Shiso Botanical Water

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Feed your skin with a Japanese Delicacy

Shiso Botanical Water will awaken your senses with hints of mint, citrus, cinnamon, clove, anise, and nutmeg. This botanical water is for anyone who is committed to nature and natural products, and honeybees. Because we farm our distillates in small batches, we only yield a limited Shiso botanical water supply, so don’t wait to get your hands on some.


While hydrosol is popular in the beauty industry, Shiso Botanical Water is lesser-known.

Shiso is a leafy garnish used to compliment many Japanese, Vietnamese and Korean dishes – it’s in the mint family and tastes like basil with grassy undertones. We exclusively grow purple Shiso. The red and purple pigments fall into the same family as those found in fruits and vegetables that are also red, just like blackberries and cranberries. Another reason why Shiso water compliments the skin so well is that it’s less concentrated than an essential oil, making it a lot easier for your skin to absorb. If botanical waters fascinate you, we also offer lavender flower water and cucumber water.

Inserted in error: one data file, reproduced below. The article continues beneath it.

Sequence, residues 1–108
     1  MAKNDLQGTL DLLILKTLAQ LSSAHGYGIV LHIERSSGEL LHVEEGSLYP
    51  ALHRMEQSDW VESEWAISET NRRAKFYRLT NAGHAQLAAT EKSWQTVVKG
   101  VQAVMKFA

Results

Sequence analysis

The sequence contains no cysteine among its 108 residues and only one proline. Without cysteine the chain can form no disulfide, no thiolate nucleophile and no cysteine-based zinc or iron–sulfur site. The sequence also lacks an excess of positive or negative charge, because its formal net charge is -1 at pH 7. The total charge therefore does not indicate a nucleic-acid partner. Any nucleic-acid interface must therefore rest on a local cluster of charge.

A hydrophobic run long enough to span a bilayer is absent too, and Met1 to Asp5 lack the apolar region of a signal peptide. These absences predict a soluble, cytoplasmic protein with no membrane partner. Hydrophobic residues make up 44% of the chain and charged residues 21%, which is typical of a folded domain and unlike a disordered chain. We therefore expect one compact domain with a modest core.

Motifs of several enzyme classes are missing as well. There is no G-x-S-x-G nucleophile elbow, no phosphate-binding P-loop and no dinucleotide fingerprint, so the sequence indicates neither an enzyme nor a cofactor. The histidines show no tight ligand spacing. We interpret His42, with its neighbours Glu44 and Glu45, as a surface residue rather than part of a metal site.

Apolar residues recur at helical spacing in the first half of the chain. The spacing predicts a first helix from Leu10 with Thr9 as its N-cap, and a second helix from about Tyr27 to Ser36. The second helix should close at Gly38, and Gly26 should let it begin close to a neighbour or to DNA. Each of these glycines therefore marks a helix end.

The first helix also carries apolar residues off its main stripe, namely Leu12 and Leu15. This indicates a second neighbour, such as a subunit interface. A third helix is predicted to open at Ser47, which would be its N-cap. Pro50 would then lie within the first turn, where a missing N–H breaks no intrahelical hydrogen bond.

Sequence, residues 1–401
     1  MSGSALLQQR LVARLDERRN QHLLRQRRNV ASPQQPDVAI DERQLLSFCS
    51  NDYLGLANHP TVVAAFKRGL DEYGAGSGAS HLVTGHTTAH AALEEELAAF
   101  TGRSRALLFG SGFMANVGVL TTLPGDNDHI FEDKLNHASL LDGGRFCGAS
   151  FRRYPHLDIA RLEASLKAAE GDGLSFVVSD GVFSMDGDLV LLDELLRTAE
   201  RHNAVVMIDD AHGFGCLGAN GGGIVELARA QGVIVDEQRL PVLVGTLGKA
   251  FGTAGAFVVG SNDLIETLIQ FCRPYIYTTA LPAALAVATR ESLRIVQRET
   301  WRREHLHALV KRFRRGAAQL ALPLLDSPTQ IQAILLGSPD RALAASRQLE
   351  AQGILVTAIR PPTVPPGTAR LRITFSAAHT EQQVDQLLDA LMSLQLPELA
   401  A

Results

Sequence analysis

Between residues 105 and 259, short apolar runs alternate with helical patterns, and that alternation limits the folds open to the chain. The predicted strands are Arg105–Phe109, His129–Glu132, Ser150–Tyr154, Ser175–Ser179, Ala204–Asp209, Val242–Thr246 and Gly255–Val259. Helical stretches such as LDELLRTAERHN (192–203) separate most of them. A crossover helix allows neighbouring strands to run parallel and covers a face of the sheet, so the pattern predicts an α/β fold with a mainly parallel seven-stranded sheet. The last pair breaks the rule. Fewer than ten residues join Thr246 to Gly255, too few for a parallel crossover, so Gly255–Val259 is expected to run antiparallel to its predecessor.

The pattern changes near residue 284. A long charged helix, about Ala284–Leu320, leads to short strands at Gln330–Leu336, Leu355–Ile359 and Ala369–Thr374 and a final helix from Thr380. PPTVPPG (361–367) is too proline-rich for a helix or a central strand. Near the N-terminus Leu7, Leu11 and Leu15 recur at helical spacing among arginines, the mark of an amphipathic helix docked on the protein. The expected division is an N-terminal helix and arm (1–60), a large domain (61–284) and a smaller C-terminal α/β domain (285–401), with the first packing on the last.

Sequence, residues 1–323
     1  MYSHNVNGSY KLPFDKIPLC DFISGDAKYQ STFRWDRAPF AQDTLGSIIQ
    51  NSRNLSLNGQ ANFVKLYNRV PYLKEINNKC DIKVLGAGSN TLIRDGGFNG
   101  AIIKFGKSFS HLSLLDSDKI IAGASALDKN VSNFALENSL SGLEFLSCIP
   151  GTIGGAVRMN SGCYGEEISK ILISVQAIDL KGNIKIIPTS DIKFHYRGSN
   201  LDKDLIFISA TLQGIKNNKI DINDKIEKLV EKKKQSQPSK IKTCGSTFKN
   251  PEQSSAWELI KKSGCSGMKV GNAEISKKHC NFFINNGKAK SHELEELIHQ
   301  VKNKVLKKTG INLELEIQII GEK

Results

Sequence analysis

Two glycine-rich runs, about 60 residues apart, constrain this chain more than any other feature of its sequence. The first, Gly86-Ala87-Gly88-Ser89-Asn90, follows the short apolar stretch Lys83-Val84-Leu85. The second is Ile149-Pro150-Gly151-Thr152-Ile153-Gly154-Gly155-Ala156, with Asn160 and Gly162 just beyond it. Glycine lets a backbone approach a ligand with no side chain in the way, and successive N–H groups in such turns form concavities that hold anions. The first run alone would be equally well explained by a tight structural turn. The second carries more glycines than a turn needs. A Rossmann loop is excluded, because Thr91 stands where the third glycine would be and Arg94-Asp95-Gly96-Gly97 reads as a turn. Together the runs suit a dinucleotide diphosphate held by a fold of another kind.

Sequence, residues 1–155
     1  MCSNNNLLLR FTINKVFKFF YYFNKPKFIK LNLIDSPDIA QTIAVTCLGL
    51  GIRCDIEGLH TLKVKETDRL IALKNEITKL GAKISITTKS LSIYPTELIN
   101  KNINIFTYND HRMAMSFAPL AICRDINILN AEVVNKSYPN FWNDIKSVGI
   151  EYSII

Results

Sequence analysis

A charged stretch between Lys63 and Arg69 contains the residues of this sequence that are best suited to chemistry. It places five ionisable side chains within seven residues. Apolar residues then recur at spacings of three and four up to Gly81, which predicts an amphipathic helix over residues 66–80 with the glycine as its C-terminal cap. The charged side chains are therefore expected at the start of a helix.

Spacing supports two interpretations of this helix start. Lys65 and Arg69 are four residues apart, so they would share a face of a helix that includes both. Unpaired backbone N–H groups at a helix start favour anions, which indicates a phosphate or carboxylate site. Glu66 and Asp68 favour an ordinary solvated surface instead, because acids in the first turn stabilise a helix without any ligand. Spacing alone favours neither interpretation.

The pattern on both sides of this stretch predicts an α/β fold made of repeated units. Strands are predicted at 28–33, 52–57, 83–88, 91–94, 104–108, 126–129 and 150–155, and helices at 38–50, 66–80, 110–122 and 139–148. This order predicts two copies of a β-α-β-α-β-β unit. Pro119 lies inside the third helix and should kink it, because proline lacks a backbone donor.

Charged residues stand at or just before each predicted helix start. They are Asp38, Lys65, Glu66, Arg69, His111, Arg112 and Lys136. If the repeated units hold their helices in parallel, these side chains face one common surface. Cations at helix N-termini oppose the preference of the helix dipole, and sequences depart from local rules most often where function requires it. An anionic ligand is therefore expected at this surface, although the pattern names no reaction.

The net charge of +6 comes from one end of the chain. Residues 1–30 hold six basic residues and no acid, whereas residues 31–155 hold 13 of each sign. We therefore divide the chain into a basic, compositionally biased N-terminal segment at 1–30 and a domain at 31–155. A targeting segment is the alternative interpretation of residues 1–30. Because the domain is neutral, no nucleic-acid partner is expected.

Making Shiso Botanical Water

We take meticulous care to distill our Shiso hydrosol in small batches on our farm and are in control of the process by hand from seed to bottle. This way, we can be sure it’s as natural as it can be. 

To enjoy: Spray on clean skin. Use on the face and body. External use only. Discontinue if irritation occurs. Store away from light and heat. Cruelty-Free. Handmade.


What is Shiso?

Shisho is an ornamental purple or green leafy plant that falls into the mint family. The green leaves are far more common than purple, which is why the purple shisho we use in our distillate and harvest on our farm is beneficial to the skin. Traditionally, shisho is a refreshing garnish on various Japanese dishes. You’ll notice that shisho typically has an aroma of cloves and cinnamon. You may also get notes of nutmeg and anise.

How to Grow Shiso

If you want to grow your shisho, it’s essential to have plenty of sun with a bit of shade. You’ll also need to plant it in well-drained soil that’s fertile. Shisho is grown similarly to other herbs, especially basil. Once it has had time to root in the soil, pinch the tips for bushier plants. If you plant and grow in the summertime, make sure that it is getting enough water. You can also produce shisho with a combination of soil and bark. Pick any leaves that grow throughout summer, and harvest the seeds and flowering tops toward the end of the summer season to plant it again in the springtime.

What is Shiso Leaf?

The shisho leaf is the part of the plant that we use the most in the distilling process. When you are growing shisho, you may find that the plant disperses and survives in smaller groupings. If your shisho plant is getting enough sunlight, shade, and water, then the leaves' supply should last the summer.


Perilla Frutescens (Shiso) Distillate and Populus Tremuloides (Aspen) Bark Extract